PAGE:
Three days away from my first big race of the year and 4 days away from the second one. Take all the emotions, anxiety and excitement you feel leading up to a big race then multiple that by 2 and that's about how I feel. Sunday, April 15th, I will be running the TARC Don't Run Boston 50k then Monday, April 16th, I will be running the Boston Marathon. This is something I've been wanting to do since before I even got a qualifying time. TARC (trail animal running club) has made a huge impact in my running and life. I've met so many friends and great people through the community, and have felt so supported and inspired through this group of people. My first ultra was a TARC race (Fells Winter Ultra 32-miler) and I've run or volunteered at all of their other races. My husband has actually taken over directing the Winter Ultra the last couple of years and this year we are both race directing the TARC'key Trot 6-hour in November! When I first learned about TARC Don't Run Boston 50k/50-miler, my first thought was that it was the only TARC race I NEVER wanted to run. Not only is it a tough race given the location and terrain, that part I actually loved, but there is no course markings, not much aid, and the course map resembles a bowl of spaghetti thrown at a wall. Some of the trails hardly even resemble trails and are not marked at all. Others are clearly marked but there are so many intersections and zero rhyme or reason to which direction to turn. The written description of the course is even more confusing. It's one of those races where you either have to run it with a veteran (but even they get lost) or practice the course a ton leading up to race day. I hate navigating and get extremely Boston when I get lost in the woods, but after finding out that a couple of people had done the "DRB/Boston" double, I was a bit more intrigued. Over the last couple years, I've spent a lot more time running at Blue Hills Reservation (where DRB is held) and thought that running DRB would be a lot more do-able now that I know the area a bit more, and then immediately after getting my qualifier at Chicago 2016, I knew I did not want to spend Spring of 2018 training hard for a road marathon again so doing the double was a done deal. Now somewhere along the line I had a few too many IPA's and decided to sign up for the TARC Wapack 50-Miler in May, less than a month later, as a goal race and use this entire weekend as a "training effort". Yeah, we'll see how that goes...
As far as training, I took 3 weeks of zero running in November after MMTR 50, then did a month or so of easy running, low mileage, and lots of strength training. I started training again in January. The first month was really tough, mentally. I had lost a lot of fitness from a long time off and with Winter weather happening, I had a couple of tough runs not hitting prescribed paces because I had to do my workouts either on a treadmill or running laps around a school parking lot. I always seem to forget how challenging that first month back can be but also how quickly that fitness comes back if you keep working it. Also within that first month, I developed a neuroma in my right foot that caused more stress than pain, but luckily it was quickly remedy'ed by wearing toe separators during the day and toe socks during runs. My fitness came back and I actually started to feel the strongest I've ever felt running. I think increasing strength training paid off quite a bit, but I also think some slow long Winter hikes in the mountains help me build some endurance as well. I had been feeling amazing until a couple weeks ago during my "peak week". I started having some pain in my piriformis (butt) and during my longest run of my training cycle which I ran with a friend, Greg Soutiea, on the DRB course, first time trying to navigate it, the pain made itself known that it wasn't just normal training soreness. Not only was it a long painful trek. but navigating the course that day was nearly impossible without the help of my Greg's fancy watch. Even with the map, the description and both of our watches loaded with the course GPX file, we managed to get completely lost. A foot of snow on the trails didn't help, but I felt so useless that day. I could not for the life of me figure out how to use my watch properly and I hate not being in control of every situation. I felt absolutely defeated after that run and came pretty close to texting coach that I wasn't going to do the double and also maybe not Wapack as well. I was physically and mentally exhausted, and thought there was no way I was going to recover from an injury, figure out the damn course and survive both races. Luckily my stubborness (and again, a couple IPAs) convinced me to head out the next morning and try the course again, but this time solo and after a day of serious rest, stretching, icing, heating, literally everything I read online to try and help the butt situation. Sure enough, though still in some pain, I felt better physically, figured out how to use my watch, and even though I did mess up a part of the course, navigation went a lot smoother. Next weekend I again spent Saturday and Sunday running the course, this time with the snow melted away and zero getting lost. Piriformis was now 100% but I still had some lingering pain. I made the mistake of getting a deep tissue massage, then running a hard workout the next day and that made things worse again. I had a short road race this past Sunday and leading up to the race I told my coach since I still was feeling some pain, I wasn't going to race it, but of course my stubborn self decided (literally as I was walking to the starting line) to hop into the front of the pack and race it. Miraculously, my butt felt the best it had in weeks and I ended up coming 4th in a competitive 5-mile road race with a time of 32:21 and new 5k PR of 19:29. The following day I went to a physical therapist for the first time ever and was extremely relieved to hear that the lingering pain I was feeling was all neural and not muscular, so I was ok to keep running, but was given a second appointment before race day for some more manual therapy and bunch of neural flossing exercises to do at home, which I have been doing religiously.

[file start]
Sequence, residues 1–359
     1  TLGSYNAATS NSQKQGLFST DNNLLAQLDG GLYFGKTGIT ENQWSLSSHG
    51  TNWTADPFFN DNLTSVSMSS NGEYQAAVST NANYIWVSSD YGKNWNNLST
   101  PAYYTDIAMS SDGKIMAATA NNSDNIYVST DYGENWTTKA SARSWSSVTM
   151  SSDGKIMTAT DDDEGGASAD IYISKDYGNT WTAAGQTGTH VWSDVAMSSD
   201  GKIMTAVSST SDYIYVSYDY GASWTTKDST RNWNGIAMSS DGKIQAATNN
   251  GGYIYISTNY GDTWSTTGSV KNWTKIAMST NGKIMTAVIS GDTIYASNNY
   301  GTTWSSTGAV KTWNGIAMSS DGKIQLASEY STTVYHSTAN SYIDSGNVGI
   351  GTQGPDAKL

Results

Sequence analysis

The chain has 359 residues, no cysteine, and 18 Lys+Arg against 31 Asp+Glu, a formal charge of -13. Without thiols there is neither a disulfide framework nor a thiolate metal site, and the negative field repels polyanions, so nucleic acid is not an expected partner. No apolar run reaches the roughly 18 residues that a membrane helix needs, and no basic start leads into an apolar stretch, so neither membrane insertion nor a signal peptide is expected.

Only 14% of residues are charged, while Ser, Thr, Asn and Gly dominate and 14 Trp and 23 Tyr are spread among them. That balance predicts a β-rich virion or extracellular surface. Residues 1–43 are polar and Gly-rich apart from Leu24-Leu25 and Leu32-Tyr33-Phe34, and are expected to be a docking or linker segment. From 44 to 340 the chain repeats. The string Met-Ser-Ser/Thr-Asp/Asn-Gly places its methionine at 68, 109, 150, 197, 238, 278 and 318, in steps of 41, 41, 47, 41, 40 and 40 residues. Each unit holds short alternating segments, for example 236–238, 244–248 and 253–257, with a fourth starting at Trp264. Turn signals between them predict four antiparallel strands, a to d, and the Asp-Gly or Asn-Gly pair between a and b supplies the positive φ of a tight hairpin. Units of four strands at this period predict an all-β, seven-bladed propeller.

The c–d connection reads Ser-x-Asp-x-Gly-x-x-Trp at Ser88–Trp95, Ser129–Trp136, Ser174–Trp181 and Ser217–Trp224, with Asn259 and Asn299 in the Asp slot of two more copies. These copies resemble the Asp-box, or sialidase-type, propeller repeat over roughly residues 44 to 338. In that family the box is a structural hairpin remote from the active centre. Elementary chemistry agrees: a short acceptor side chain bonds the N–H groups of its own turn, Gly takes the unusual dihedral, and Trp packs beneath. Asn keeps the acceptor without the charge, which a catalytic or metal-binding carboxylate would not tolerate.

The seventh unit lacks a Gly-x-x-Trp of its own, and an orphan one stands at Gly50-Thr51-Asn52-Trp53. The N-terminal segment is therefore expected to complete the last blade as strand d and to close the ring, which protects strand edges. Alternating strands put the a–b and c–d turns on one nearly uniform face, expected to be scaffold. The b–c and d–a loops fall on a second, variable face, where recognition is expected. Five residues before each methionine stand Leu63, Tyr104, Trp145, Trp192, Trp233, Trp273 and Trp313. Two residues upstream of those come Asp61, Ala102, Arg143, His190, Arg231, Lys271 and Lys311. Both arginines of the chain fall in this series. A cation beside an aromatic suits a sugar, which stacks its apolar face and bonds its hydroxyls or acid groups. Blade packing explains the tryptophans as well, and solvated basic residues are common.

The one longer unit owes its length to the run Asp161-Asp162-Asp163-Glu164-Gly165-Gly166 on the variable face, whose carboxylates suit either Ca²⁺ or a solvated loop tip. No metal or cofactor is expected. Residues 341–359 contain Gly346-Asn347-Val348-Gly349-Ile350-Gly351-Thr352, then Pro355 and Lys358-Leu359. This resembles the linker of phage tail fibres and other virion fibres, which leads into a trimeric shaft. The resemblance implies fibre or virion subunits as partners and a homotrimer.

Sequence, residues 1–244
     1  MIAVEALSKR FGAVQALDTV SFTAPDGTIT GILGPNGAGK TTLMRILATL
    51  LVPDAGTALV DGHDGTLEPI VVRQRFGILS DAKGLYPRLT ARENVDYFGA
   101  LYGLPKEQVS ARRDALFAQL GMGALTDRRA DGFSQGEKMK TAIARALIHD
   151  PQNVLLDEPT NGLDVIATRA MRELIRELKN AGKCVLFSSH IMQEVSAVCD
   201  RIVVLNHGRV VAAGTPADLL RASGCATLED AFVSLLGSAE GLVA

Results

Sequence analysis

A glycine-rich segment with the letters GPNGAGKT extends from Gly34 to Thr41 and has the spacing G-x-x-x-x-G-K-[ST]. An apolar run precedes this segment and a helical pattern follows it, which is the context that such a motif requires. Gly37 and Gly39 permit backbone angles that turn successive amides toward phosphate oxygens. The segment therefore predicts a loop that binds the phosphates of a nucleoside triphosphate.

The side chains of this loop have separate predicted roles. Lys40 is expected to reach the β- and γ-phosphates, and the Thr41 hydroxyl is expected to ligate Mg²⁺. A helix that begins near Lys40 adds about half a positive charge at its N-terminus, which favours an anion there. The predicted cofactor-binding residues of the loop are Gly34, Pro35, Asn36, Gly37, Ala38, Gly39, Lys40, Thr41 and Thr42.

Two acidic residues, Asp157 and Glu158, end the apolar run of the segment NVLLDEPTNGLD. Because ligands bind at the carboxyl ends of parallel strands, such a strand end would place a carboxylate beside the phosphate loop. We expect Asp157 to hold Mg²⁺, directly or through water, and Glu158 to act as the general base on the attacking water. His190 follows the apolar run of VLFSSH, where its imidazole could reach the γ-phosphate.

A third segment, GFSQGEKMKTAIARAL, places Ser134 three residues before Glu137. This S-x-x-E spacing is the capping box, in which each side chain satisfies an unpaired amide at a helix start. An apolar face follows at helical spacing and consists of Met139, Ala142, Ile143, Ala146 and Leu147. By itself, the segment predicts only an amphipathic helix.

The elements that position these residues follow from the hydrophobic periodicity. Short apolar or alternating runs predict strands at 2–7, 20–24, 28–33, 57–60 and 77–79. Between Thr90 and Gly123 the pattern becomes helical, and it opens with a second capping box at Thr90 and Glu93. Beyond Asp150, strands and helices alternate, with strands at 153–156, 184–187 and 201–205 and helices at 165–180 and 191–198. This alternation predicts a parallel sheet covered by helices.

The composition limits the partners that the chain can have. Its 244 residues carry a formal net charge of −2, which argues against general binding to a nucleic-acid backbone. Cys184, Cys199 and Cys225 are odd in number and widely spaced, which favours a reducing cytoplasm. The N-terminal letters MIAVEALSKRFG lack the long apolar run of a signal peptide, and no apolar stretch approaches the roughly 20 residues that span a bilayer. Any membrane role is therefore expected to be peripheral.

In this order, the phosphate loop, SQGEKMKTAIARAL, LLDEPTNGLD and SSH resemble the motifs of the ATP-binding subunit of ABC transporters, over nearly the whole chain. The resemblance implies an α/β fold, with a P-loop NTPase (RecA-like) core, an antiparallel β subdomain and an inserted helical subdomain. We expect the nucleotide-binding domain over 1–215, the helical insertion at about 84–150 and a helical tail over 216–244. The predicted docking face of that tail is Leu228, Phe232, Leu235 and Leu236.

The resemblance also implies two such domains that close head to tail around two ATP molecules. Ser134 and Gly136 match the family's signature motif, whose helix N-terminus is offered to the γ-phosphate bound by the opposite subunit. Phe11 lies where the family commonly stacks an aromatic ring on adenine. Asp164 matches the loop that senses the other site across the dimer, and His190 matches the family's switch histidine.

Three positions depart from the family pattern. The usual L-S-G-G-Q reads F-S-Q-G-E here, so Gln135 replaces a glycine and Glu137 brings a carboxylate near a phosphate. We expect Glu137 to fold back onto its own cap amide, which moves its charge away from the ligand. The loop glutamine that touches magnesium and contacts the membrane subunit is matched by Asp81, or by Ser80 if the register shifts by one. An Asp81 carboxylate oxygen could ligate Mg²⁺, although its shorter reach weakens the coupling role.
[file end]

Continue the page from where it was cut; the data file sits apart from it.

Today I feel almost 100% physically, but I have also been tapering and not doing any hard workouts, so it's kind of a crap shoot to know exactly how things will feel after 31 miles with 5,000+ of gain on Sunday then 26.2 miles on hard pavement Monday. However, I'm not too nervous about my sciatic nerve as much as I am about everything else. I've never run back to back races, I've never even run races within a couple weeks of each other. It's a little bit more nerve wrecking that Boston is the second day. If something were to go wrong the first day and I couldn't make to the starting line of my second race, it's not just any race, it's Boston which I worked really hard to get a qualifying time for. But I know that I can't think like that and I just need to think about how completely rad it is going to feel when I make it to that second finish line. I think this will be even more challenging than either of my 50-milers. Although I will add that last year I did run 20 miles at Blue Hills Reservation the day before guiding 26.2 miles as part of Kyle Robidoux's double Boston and it was smooth sailing, but I still think this will be a lot more challenging. I put in a ton of work this training cycle, 800+ miles, 75,000+ feet of climbing, and hours and hours of strength training, through hail, snowstorms, freezing cold temperatures, just the worst conditions. My body and mind are totally ready, I just need to be smart about recovery before and after each race, and STAY POSITIVE. I know it's not going to be easy, but I know I can do this and it's going to be a truly epic weekend. I will be smiling ear to ear both days. Can't friggen wait!